While 600 hours define Edward and offer a chance to change his life, a single summer leaves a heavy imprint that marks Mitch across the decades.

The book comes out Tuesday. If you’re in the Billings area, there are several events coming up where you can get a copy:

  • This coming Friday, from 6 to 8 p.m. at Travel Cafe (313 N. Broadway), there will be a launch party with a couple of readings, signed books for sale, snacks, a cash bar and music by special guest Dan Page.
  • The next day, I’ll be at the Billings Barnes & Noble (530 S. 24th St. West) from 2 to 4 p.m. for a reading and to sign copies.
  • Saturday, Feb. 5, I’ll be at the Billings Hastings (1603 Grand Ave.) from 1 to 3 p.m. for a signing.
  • And if you’re in Bozeman, catch me on Monday, Jan. 31, at the Country Bookshelf (28 W. Main Street) at 7 p.m. for a reading and signing.

For everyone else: The book will be available in paperback and Kindle starting Tuesday. Order if from your favorite bookseller or at Amazon.com. Please!

*****

Finally, one last note about launch week: Monday starts a two-week stretch where I’ll be popping up on various book- and publishing-related blogs with guest posts, interviews and all kinds of other fabulous stuff. At each stop, a signed copy of The Summer Son is being given away, so follow along and throw your name into the mix.

For a rundown on the sites and dates, go here.

As I type these words, the release of my second novel, The Summer Son, lies just a week away. During the first couple of weeks of release, some friends and fellow book bloggers are going to be helping me get out the word about the new book. In exchange for their generosity in letting me hang around their sites, I’ll be giving away signed copies of the book at each stop.

Here’s the lineup. Please do these folks the courtesy of visiting their sites, now and during the upcoming appearances. My guess is you’ll find plenty to interest you at each one:

Monday, January 24: I’ll kick things off at A Word Please, hosted by author Darcia Helle, with an essay on the meeting of fact and fiction in The Summer Son.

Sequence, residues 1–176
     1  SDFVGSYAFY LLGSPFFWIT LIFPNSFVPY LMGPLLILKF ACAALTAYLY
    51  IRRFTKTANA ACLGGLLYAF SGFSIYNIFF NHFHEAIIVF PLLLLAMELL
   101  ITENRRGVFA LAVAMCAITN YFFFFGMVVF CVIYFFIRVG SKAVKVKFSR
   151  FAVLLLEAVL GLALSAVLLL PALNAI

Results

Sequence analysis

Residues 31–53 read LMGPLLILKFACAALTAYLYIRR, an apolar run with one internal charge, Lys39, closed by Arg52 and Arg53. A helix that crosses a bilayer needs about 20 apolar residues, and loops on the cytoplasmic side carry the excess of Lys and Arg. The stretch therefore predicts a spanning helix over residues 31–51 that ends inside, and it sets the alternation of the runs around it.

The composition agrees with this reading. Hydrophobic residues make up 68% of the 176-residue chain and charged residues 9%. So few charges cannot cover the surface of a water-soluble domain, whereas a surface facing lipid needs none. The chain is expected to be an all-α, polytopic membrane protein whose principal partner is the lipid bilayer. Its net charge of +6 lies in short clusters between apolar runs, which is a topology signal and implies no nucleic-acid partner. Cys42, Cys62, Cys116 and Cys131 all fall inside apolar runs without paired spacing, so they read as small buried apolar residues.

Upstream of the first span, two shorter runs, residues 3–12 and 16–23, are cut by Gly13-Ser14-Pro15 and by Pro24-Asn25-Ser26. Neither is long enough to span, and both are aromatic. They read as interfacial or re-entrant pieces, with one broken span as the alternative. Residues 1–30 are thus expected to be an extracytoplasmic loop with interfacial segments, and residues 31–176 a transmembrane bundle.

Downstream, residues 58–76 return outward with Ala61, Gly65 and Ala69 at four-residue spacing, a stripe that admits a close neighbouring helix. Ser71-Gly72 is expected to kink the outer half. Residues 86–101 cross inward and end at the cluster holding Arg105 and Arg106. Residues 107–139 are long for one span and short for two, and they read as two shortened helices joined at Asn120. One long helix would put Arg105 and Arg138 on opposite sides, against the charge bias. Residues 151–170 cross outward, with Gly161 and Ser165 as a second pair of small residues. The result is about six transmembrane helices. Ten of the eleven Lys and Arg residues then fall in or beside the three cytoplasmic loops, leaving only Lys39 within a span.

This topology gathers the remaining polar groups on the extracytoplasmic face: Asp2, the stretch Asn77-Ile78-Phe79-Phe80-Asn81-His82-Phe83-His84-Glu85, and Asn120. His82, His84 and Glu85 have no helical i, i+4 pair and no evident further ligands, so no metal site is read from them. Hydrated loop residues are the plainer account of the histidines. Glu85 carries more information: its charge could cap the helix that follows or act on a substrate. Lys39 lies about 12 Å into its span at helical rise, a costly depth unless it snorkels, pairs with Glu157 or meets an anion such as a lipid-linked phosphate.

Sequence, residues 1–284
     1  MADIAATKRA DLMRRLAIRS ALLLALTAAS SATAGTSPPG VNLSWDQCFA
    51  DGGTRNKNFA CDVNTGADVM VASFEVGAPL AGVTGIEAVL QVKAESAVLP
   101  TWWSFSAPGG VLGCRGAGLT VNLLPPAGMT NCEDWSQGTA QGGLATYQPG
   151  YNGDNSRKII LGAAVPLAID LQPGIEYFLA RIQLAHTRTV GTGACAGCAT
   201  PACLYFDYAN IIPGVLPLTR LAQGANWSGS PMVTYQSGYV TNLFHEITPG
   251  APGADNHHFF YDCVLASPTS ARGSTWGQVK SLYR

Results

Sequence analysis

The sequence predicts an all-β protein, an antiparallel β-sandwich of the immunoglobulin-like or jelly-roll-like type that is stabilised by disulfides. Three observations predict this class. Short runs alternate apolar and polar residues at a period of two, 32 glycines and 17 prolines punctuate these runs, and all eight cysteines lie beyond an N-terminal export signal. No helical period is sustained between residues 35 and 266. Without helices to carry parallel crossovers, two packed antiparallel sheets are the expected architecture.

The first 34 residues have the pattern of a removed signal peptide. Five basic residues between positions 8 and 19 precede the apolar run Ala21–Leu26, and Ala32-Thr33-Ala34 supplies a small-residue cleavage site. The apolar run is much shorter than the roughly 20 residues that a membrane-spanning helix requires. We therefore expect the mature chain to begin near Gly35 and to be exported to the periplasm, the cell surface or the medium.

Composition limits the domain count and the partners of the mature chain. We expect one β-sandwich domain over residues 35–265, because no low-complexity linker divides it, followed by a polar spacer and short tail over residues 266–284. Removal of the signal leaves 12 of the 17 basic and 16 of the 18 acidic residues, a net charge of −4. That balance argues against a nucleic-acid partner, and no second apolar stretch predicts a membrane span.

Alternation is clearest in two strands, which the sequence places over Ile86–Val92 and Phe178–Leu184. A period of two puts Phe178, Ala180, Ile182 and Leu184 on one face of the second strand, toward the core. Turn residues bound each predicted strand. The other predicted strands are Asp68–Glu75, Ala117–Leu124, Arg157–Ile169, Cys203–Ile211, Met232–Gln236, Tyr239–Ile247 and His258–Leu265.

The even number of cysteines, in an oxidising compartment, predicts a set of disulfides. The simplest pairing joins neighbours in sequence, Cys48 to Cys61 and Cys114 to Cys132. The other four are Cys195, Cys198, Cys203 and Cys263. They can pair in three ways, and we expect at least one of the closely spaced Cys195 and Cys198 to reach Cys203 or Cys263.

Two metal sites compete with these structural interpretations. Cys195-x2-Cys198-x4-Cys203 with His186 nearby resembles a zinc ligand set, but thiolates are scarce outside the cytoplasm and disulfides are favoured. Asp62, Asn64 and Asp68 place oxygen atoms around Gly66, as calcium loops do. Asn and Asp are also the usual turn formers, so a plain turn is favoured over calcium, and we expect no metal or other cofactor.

Tuesday, January 25 (release day): Billings Gazette arts reporter Jaci Webb will host a Q&A with me at the 5:01 blog.

Wednesday, January 26: At The Book Inn, hosted by Natalie Wadel, I’ll write about fathers and sons, the major theme of the book.

Thursday, January 27: At Straight from Hel, hosted by Helen Ginger, I’ll write about the 20-month stretch in which I wrote and sold my first two novels, a burst of creativity that I’m not likely to mimic anytime soon.

Friday, January 28: The first week will wrap up with a visit to The Visual Side of Journalism, hosted by Charles Apple, where he’ll pitch some questions at a guy (me) who works in the production trenches of a daily newspaper but writes fiction on the side.

Monday, January 31: Cherie Newman, host of the excellent “The Write Question” on Montana Public Radio, gives me the keys to her blog of the same name and lets me hold forth on what it means to write in and of Montana.

Tuesday, February 1: This will be a little different. My friend Jim Thomsen will host a Q&A with me in the form of a Facebook note. But don’t worry: if you’ve so far resisted the siren song of the social network, the interview will be simulcast on two authors’ blogs: R.J. Keller’s Ingenious Title to Appear Here Later and Kristen Tsetsi’s From a Little Office in a Little House.

Wednesday, February 2: One Book at a Time blogger Page Eberhardt gives me the floor for an essay on where stories come from, as if I have any idea.

Thursday, February 3: The fellas over at 3 Guys, One Book let me pitch in with an entry in their ongoing series “When We Fell in Love.”

Friday, February 4: I wrap up at Coffee, Books and Laundry, hosted by Melissa Vasquez, where I’ll write about balancing readers’ expectations with following the muse wherever she leads.

So please (please!) make plans to follow along each day, and be sure to throw in for a chance at a signed book at each stop.

Where in the hell did a year go?

Tonight, for the first time since Nov. 17, 2009, I made fresh progress on a new novel. Eight hundred and fifty-nine words’ worth, if you must know, and that’s a pretty good single-session output for me. I’d be lying if I said I had planned to let it sit so long, and I’d also be lying if I said I feel like I wasted the time in between. Twenty-ten was spent pushing hard on 600 Hours of Edward, rounding The Summer Son into shape (and finding a publisher for it), essays, short stories and the like. I did not want for work, though I probably could have gotten by on a little less rest.